• "Let him finish out the last four years. Why not? He's done good this far," said 55-year-old Karen M.
  • Others in group said they like Trump's "I-don't-give-a-s--- attitude," as one man put it.
  • Heidi L., a 66-year-old Obama/Trump voter, said she likes that "nobody bought him his presidency. He did it all himself with his own money and nobody's trying to buy him to do this or that."

While only two participants said they are definitely voting to re-elect Trump next year, the entire group said they're not excited by any of the 2020 Democrats, and no one signaled an interest in supporting a Democratic candidate.

The bottom line: The only way these folks are "swing" voters anymore is in their willingness to either sit out the next election or vote for a third-party candidate.

Go deeper

Focus group: Pennsylvania swing voters unhappy with McConnell's impeachment comments

Illustration: Aïda Amer/Axios. Photo: Drew Angerer/Getty Staff

WILKES-BARRE, Pa. — Senate Majority Leader Mitch McConnell's public comment that he will not be an "impartial juror" in President Trump's Senate trial has alienated some swing voters here — even though they support Trump and are fed up with impeachment.

Why it matters: These voters told us they think all 100 senators on both sides of the aisle have a responsibility to be impartial under the Constitution. (Their oath requires them to promise "impartial justice according to the Constitution and laws.")

Go deeperArrowJan 13, 2020

Focus group: Pennsylvania swing voters stand with Trump on Iran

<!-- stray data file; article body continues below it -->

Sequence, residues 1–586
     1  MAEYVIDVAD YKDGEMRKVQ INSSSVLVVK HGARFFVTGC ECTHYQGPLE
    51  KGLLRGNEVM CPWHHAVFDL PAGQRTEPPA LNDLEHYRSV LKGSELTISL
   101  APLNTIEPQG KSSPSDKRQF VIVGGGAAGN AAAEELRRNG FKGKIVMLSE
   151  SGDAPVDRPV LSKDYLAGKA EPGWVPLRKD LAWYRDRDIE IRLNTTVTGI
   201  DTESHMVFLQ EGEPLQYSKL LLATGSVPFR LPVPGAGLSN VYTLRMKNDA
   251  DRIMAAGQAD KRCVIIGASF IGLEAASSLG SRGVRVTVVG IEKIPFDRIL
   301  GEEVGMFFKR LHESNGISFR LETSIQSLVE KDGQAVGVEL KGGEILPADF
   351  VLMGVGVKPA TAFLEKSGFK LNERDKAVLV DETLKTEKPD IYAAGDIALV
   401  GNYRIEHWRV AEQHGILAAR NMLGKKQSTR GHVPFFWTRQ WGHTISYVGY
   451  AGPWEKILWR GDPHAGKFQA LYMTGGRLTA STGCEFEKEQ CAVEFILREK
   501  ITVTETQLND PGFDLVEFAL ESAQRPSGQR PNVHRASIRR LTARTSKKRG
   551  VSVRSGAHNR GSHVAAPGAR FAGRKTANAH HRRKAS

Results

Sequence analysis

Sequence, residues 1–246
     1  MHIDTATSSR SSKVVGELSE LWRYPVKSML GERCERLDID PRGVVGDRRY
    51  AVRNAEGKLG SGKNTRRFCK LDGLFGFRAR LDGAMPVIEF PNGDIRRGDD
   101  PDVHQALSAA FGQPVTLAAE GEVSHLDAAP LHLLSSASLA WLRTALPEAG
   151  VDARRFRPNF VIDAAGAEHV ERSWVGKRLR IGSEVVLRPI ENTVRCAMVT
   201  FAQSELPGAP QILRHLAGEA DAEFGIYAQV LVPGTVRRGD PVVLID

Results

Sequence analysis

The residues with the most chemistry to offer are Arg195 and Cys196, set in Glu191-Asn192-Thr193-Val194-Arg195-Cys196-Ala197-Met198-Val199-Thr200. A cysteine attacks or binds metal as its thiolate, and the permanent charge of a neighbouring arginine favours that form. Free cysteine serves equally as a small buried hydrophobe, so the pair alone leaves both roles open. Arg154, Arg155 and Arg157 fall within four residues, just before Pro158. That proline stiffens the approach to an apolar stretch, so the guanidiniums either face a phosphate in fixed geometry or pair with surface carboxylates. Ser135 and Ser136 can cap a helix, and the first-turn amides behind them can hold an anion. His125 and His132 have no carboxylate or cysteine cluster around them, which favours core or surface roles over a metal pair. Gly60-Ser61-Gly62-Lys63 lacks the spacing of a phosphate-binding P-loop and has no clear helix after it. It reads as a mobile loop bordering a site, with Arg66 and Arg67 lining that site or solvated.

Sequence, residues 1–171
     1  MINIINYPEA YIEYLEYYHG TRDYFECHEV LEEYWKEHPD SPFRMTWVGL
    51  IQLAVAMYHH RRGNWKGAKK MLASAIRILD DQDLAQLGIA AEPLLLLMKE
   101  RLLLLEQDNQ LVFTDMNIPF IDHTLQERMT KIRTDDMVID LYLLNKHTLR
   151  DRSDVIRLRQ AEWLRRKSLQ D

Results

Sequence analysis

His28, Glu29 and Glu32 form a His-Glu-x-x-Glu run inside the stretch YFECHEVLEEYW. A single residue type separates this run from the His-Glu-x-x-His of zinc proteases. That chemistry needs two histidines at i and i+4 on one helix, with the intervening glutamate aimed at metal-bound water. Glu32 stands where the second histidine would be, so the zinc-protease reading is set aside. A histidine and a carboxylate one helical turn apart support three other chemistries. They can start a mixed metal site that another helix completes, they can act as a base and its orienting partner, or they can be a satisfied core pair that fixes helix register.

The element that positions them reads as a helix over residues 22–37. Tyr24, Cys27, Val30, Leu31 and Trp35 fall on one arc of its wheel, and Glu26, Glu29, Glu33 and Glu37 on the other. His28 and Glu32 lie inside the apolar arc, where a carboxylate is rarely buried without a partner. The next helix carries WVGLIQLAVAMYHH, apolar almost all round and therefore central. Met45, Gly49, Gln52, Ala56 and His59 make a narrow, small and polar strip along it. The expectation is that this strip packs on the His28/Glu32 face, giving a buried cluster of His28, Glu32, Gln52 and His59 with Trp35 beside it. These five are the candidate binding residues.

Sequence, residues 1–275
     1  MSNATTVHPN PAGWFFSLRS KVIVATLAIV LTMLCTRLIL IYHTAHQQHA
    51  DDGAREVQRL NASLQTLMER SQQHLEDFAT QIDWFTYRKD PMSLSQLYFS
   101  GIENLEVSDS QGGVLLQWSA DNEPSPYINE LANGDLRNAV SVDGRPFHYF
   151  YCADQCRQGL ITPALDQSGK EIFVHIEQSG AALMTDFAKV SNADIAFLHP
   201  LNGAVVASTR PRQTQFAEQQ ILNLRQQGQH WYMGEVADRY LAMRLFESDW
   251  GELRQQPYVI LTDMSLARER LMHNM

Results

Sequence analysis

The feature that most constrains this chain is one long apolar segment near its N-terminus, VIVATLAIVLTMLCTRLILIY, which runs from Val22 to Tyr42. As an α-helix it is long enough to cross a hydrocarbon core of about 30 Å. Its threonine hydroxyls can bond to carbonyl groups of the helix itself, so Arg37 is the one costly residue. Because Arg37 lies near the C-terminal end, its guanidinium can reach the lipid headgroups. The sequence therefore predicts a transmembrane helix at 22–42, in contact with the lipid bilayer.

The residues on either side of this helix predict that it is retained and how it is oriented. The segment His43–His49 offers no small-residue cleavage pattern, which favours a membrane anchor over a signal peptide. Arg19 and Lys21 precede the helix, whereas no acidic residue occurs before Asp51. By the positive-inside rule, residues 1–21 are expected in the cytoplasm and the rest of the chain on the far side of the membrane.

Illustration: Aïda Amer/Axios. Photo: Pool/Getty Pool

WILKES-BARRE, Pa. — Swing voters here are standing behind President Trump's decision to launch an airstrike that killed Iranian general Qasem Soleimani, but if it leads to all-out war they'd question the president's wisdom and handling of national security.

Why it matters: Their comments suggest these voters back Trump on the Iran strike more solidly than the public at large — though some are weary of foreign wars and made it clear they want them to end.

Go deeperArrowJan 10, 2020

Freshman House Democrat explains why she'll vote to impeach Trump

Photo: Michael Brochstein/SOPA Images/LightRocket via Getty Images

Rep. Elissa Slotkin (D-Mich.), a former CIA analyst who was elected to the House in a swing district during the 2018 midterms, laid out her reasoning for voting to impeach President Trump this week in a Detroit Free Press op-ed on Monday.

"But in the national security world that I come from, we are trained to make hard calls on things, even if they are unpopular, if we believe the security of the country is at stake."

Why it matters: Some polls indicate voters in that Michigan, a key battleground in 2020, aren't convinced by House Democrats' argument for impeaching Trump — so Slotkin's decision could be important, especially as Cook Political Report rates her seat as a toss-up for Democrats.

Go deeper: These Michigan Obama/Trump voters are just Trump voters now

Keep ReadingArrowDec 16, 2019